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Loyola Study Evaluates Magnetic Therapy for Tinnitus

MAYWOOD, Ill. - Loyola University Medical Center is studying whether a new form of non-invasive magnetic therapy can help people who suffer debilitating tinnitus (ringing in the ears).

The therapy, transcranial magnetic stimulation (TMS), sends short pulses of magnetic fields to the brain. TMS has been approved since 2009 for patients who have major depression and have failed at least one antidepressant.

The Loyola study will include patients who suffer from both depression and tinnitus. Recent studies have found that about 12 percent of people with chronic tinnitus also suffer depression and anxiety - a rate three times higher than that of the general population.

Tinnitus is the perception of sound in one or both ears when there is no external source. It can include ringing, hissing, roaring, whistling, chirping or clicking. About 50 million Americans have at least some tinnitus; 16 million seek medical attention and about 2 million are seriously debilitated, according to the American Tinnitus Association. There is no cure.

The perception of phantom sounds can be more pronounced in people who are depressed. Moreover, antidepressant medications can cause tinnitus occasionally, said Murali Rao, MD, DFAPA, FAPM, principal investigator of Loyola's TMS tinnitus study.

Several earlier studies have found that TMS can benefit tinnitus patients. Loyola's study is the first to examine patients who suffer from both tinnitus and depression. "The combination of these two conditions can be extremely debilitating," Rao said.

During TMS treatment, the patient reclines in a comfortable padded chair. A magnetic coil, placed next to the left side of the head, sends short pulses of magnetic fields to the surface of the brain. This produces currents that stimulate brain cells. The currents, in turn, affect mood-regulatory circuits deeper in the brain. The resulting changes in the brain appear to be beneficial to patients who suffer depression. Each treatment lasts 35 to 40 minutes.

The study will enroll 10 to 15 patients. Each patient will receive five treatments a week for four to six weeks, for a total of 20 to 30 treatments. Each patient will be evaluated by a physician three times during the treatment course, or more frequently if the doctor deems necessary.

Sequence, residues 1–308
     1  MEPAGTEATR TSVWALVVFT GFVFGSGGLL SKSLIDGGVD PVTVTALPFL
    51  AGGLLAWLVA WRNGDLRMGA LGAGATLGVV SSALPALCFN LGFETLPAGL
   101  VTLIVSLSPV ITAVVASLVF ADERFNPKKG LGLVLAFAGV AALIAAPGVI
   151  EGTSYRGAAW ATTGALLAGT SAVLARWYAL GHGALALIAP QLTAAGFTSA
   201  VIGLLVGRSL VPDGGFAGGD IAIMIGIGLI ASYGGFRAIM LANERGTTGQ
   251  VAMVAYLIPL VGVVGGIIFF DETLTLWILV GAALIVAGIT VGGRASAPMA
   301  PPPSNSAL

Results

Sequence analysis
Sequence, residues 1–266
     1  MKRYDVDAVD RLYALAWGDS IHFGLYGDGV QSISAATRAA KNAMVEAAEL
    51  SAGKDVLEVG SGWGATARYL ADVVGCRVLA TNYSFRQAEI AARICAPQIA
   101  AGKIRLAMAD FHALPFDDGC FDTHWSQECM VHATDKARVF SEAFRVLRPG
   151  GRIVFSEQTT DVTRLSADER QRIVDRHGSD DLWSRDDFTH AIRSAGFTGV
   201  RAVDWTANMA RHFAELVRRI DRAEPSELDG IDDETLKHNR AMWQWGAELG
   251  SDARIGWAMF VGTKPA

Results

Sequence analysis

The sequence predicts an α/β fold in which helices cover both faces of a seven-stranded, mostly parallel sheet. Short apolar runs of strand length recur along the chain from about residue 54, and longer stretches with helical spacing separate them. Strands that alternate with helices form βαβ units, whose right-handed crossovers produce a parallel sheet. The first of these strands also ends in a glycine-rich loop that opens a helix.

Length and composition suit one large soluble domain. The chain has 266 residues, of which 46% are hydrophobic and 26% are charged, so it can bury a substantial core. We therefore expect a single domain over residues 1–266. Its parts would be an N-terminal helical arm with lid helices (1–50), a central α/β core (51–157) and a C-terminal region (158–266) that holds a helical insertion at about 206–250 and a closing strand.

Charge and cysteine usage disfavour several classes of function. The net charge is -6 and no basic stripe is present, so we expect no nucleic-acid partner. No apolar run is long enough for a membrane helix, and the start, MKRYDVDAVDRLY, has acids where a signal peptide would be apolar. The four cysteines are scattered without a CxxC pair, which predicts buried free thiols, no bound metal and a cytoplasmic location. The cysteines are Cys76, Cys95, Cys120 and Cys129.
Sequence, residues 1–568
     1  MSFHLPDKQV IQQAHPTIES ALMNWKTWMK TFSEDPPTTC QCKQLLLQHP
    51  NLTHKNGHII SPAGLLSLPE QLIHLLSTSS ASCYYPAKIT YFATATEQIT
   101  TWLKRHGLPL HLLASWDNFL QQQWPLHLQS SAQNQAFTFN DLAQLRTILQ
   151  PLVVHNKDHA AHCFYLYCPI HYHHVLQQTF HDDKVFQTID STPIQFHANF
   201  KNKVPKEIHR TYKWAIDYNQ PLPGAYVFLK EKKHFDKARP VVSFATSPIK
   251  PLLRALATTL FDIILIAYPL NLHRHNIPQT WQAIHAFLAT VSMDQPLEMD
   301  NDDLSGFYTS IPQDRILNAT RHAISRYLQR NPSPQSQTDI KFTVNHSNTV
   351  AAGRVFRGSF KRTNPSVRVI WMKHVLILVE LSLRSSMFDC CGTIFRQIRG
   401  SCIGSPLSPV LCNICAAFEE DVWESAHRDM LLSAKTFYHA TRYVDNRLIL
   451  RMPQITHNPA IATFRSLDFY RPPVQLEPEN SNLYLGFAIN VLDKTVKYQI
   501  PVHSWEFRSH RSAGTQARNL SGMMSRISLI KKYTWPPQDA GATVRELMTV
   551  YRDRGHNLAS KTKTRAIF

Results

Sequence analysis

The treatments do not require anesthesia or sedation. Afterward, a patient can immediately resume normal activities, including driving. Studies have found that patients do not experience memory loss or seizures. Side effects include mild headache or tingling in the scalp, which can be treated with acetaminophen.

Rao is chair of the Department of Psychiatry and Behavioral Neurosciences of Loyola University Chicago Stritch School of Medicine. Other investigators are Matthew Niedzwiecki, MD, a psychiatry resident; and James Sinacore, PhD, a statistician.

Loyola University Health System (LUHS) is a member of Trinity Health. Based in the western suburbs of Chicago, LUHS is a quaternary care system with a 61-acre main medical center campus, the 36-acre Gottlieb Memorial Hospital campus and more than 30 primary and specialty care facilities in Cook, Will and DuPage counties. The medical center campus is conveniently located in Maywood, 13 miles west of the Chicago Loop and 8 miles east of Oak Brook, Ill. The heart of the medical center campus is a 559-licensed-bed hospital that houses a Level 1 Trauma Center, a Burn Center and the Ronald McDonald® Children's Hospital of Loyola University Medical Center. Also on campus are the Cardinal Bernardin Cancer Center, Loyola Outpatient Center, Center for Heart & Vascular Medicine and Loyola Oral Health Center as well as the LUC Stritch School of Medicine, the LUC Marcella Niehoff School of Nursing and the Loyola Center for Fitness. Loyola's Gottlieb campus in Melrose Park includes the 255-licensed-bed community hospital, the Professional Office Building housing 150 private practice clinics, the Adult Day Care, the Gottlieb Center for Fitness, Loyola Center for Metabolic Surgery and Bariatric Care and the Loyola Cancer Care & Research at the Marjorie G. Weinberg Cancer Center at Melrose Park.

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Jim Ritter
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Anne Dillon
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